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Pronunciation – Rules, Hints and Tips: How to pronounce -ed
Even the most advanced students have problems pronouncing words that end in ‘-ed’. Why is that? Well, probably because there are lots of possibilities and it can be hard to remember which to use. We’ve written this post to (hopefully) clear things up for you…
Well, firstly, let’s remind ourselves of what the ‘-ed’ words are. They are either:
- Regular verbs in the past simple e.g. I walked 10km yesterday.
- Past participles of regular verbs (used in the perfect tenses) e.g. I have walked to work every day this week.
Either way, these forms are (usually) made by taking the regular verb in the infinitive (base form) and adding ‘-ed’ at the end.
There are three ways of pronouncing the ‘-ed’ sound at the end of words, and we know which one to use based on the consonant sound that comes before the ‘-ed’.
Firstly, let’s look at the /id/ pronunciation. This is the sound we make in the words ‘bid’, ‘lid’, ‘kid’. So, say those words aloud so you can hear the sound we’re talking about. Now, this exact same sound is the way we pronounce the ‘-ed’ for any verbs that end in the consonant sound ’t’ or ‘d’. Take for example the verb ‘want’, which ends with the consonant sound ’t’. When we put it into the past simple or the past participle it becomes ‘wanted’. This ‘-ed’ is therefore pronounced /id/ – we pronounce it as if it were written ‘wantid’. This is the same for all regular verbs that end in ’t’ or ‘d’ consonant sounds, such as: want, start, need, fold. Try saying ‘started’, ‘needed’, ‘folded’ in this same way.
Now let’s look at the second way, the /t/ sound. This is the same sharp, short ’t’ sound that we make with our front teeth to say words like ‘fast’, ‘list’, ‘bust’. For all regular verbs that end in the consonant sounds ‘p, k, sh, ch, gh, th, ss, c, x, or w’, we pronounce the ‘-ed’ at the end as a simple /t/ – there’s no need to pronounce the ‘e’ at all, in fact, we can just imagine it’s not there. For example, take the verb ‘kiss’ that ends in the consonant sound ‘ss’. When this verb is made into the past simple or past participle it becomes ‘kissed’, so we pronounce with ‘-ed’ with the /t/ sound, as if it were written ‘kisst’. Other examples of verbs in this list are: helped, looked, sniffed, laughed, washed, watched, danced, fixed. For the real language nerds out there (like us), these consonant sounds are called ‘voiceless’ sounds because they don’t vibrate your throat when you say them. Try it! Touch your throat while you say the words ‘look’, ‘help’ or ‘kiss’ and you’ll see that you can’t feel any vibration from the consonant sound.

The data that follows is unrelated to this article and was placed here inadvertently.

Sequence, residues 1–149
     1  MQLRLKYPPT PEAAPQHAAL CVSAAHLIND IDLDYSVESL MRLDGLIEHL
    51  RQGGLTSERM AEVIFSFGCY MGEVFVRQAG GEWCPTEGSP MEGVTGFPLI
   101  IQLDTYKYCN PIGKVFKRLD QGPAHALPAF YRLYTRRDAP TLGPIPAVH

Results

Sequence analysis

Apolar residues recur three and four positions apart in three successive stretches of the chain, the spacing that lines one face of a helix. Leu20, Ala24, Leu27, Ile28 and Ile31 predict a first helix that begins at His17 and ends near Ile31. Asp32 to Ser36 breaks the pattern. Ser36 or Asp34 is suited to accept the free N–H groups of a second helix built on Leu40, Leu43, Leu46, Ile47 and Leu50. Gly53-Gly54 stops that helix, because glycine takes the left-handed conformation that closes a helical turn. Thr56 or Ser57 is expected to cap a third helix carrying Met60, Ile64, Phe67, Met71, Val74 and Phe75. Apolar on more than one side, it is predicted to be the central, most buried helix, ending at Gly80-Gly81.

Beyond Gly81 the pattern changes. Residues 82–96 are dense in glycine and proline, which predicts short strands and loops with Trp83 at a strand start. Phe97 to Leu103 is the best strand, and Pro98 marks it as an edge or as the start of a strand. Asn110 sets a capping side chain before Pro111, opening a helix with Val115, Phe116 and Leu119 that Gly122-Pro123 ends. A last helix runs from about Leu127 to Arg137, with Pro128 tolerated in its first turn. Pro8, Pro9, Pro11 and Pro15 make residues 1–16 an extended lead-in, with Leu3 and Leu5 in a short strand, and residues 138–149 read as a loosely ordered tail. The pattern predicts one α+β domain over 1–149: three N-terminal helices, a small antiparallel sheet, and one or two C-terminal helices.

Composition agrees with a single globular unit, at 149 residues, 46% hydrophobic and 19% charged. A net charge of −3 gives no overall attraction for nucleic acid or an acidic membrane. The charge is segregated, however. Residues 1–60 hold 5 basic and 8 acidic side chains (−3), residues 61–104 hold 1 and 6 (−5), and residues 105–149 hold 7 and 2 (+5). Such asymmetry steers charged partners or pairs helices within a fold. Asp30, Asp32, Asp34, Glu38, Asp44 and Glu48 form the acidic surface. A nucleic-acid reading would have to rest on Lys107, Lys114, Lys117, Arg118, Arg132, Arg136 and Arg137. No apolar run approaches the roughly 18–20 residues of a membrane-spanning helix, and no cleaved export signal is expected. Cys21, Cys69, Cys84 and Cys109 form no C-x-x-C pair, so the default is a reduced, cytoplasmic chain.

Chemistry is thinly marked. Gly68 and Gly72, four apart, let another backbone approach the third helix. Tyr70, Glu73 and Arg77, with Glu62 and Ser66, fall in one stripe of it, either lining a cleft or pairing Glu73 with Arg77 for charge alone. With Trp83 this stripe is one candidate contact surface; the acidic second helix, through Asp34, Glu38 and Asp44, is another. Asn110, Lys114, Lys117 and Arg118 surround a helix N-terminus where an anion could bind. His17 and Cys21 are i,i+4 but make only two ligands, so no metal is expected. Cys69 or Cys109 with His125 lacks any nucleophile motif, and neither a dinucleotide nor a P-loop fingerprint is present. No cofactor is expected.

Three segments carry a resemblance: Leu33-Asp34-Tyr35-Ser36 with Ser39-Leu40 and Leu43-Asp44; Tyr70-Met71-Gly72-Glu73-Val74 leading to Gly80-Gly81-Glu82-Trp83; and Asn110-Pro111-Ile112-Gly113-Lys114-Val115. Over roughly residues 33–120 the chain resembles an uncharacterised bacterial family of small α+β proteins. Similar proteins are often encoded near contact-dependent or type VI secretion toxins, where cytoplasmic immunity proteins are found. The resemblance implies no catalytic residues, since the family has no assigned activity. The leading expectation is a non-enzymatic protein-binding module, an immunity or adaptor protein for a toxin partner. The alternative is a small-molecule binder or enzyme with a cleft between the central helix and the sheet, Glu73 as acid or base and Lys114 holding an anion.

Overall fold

The final variation is the /d/ sound. This is the standard ‘d’ sound that we make in the words ‘hard’, ‘odd’, ‘said’. We use this sound to pronounce ‘-ed’ for all regular verbs that end in the consonant sounds ‘l, n, r, g, v, s*, z, b or m’. Contrary to the voiceless sounds in the previous paragraph, these consonant sounds are known as ‘voiced’ because they make vibrations in your throat when you say them. Try it again – touch your throat while you say the words ‘offered’, ‘damaged’ or ‘loved’ and you’ll feel the vibrations of your voice. Other words in this list include ‘called, cleaned, loved, used amazed, rubbed, claimed’. Again, when we pronounce ‘-ed’ words with this sound, we just pronounce the ‘d’ – the ‘e’ doesn’t make a sound at all. For example, the word ‘loved’ is pronounced as if it were written ‘lovd’.
*Note that ‘ss’ is a voiceless consonant sound, while ’s’ is a voiced consonant sound – this is because the singular ’s’ before ‘-ed’ makes a ‘z’ sound. Don’t worry – we’ll do another post about the different ways to pronounce the ’s’.
So there you are – the three ways to pronounce ‘-ed’! Now, we’re under no illusion that this is easy. In fact, we often talk about how learning English pronunciation must be such a pain for second language learners because you can’t just read the word and know how to say it – but hopefully this post will help you get a bit closer to being able to do that.
We know this is the most annoying thing to say, but trust us, it’s the kind of thing you just get used to the more you practise speaking. Using the incorrect pronunciation of ‘-ed’ is a tell-tale sign that the speaker is non-native, therefore getting it RIGHT will really help you on your way to sounding a lot more fluent and natural in your spoken English.
Don’t be afraid to try it out in your next conversation and put what you’ve learned here to the test!